As a result of weaker-than-expected earnings and a strengthening of Amazon's electronics retail proposition, Best Buy's shares have plummeted in the last 12 months, even after its biggest brick-and-mortar rival Circuit City was liquidated.

The Richfield, Minn.-based big box electronics retailer currently trades at roughly an enterprise-value-to-EBITDA ratio of 3, while short interest lingers at over 10%, according to Data Explorers. At a market cap of $8.6 billion, the company would nevertheless be a sizeable acquisition in a lukewarm M&A market.

Best Buy's margins continue to contract, leading to falling year-over-year profitability that puts the company's strategic direction in doubt. Nevertheless, the company's $50 billion plus in annual sales are still able to generate over $1 billion in quarterly cash, making it a possible private equity takeover target. In a January article, Bloomberg cited Morningstar and Telsey Advisory Group analysts who noted private equity as a possible acquirer of Best Buy.

Nevertheless, a potential acquirer would find a host of challenges in a Best Buy acquisition. The company, which is just beefing up its online presence, had inventory issues during the 2011 holiday season that signal it's far behind Web competitors. Meanwhile the company's chairman Richard Schulze owns a near 20% stake in Best Buy, adding a wrinkle to a takeover bid. Finally, a private equity buyer would need to line up a significant amount of financing in the still slow debt markets.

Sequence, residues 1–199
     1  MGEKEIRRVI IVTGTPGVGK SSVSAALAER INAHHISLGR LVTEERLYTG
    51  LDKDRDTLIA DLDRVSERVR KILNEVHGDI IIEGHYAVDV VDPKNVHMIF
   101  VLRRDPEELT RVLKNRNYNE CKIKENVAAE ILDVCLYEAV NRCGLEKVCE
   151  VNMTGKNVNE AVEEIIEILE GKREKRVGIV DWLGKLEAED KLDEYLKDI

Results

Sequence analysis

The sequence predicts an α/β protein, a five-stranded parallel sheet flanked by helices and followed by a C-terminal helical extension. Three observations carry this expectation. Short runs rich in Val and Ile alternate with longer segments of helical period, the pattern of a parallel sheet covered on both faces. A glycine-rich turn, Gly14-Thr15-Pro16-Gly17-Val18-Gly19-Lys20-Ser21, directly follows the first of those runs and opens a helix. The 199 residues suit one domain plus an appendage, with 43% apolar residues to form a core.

Finally, Best Buy has also been rumored to be looking at Chinese acquisitions as a way to continue its push into fast-growing BRIC economies and compete against local players like Gome.

In 2012, consensus analyst estimates compiled by Bloomberg signal that Best Buy will have flattish revenue and will turn to an over $1 billion loss after turning a $1.3 billion 2011 profit. Those analysts give Best Buy shares a $28.12 price target, a near 20% premium to current share prices of $24.55.

For more on Best Buy shares, see TheStreet's portfolio of high yielding retail stocks and Highbridge Capital Management's portfolio .

>>To see these stocks in action, visit the 3 Shorted Stocks Too Cheap to Sell portfolio on Stockpickr.

-- Written by Antoine Gara in New York